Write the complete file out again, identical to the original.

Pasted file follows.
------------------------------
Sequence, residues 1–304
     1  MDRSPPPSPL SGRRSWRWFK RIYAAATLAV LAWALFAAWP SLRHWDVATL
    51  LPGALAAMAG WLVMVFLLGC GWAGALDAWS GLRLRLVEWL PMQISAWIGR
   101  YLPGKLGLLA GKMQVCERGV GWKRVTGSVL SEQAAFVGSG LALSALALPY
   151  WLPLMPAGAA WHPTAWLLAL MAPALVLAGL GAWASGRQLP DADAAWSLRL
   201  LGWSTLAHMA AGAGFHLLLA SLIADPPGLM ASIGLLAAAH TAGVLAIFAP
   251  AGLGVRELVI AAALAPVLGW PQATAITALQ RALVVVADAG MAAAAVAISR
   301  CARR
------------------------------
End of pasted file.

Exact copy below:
Sequence, residues 1–304
     1  MDRSPPPSPL SGRRSWRWFK RIYAAATLAV LAWALFAAWP SLRHWDVATL
    51  LPGALAAMAG WLVMVFLLGC GWAGALDAWS GLRLRLVEWL PMQISAWIGR
   101  YLPGKLGLLA GKMQVCERGV GWKRVTGSVL SEQAAFVGSG LALSALALPY
   151  WLPLMPAGAA WHPTAWLLAL MAPALVLAGL GAWASGRQLP DADAAWSLRL
   201  LGWSTLAHMA AGAGFHLLLA SLIADPPGLM ASIGLLAAAH TAGVLAIFAP
   251  AGLGVRELVI AAALAPVLGW PQATAITALQ RALVVVADAG MAAAAVAISR
   301  CARR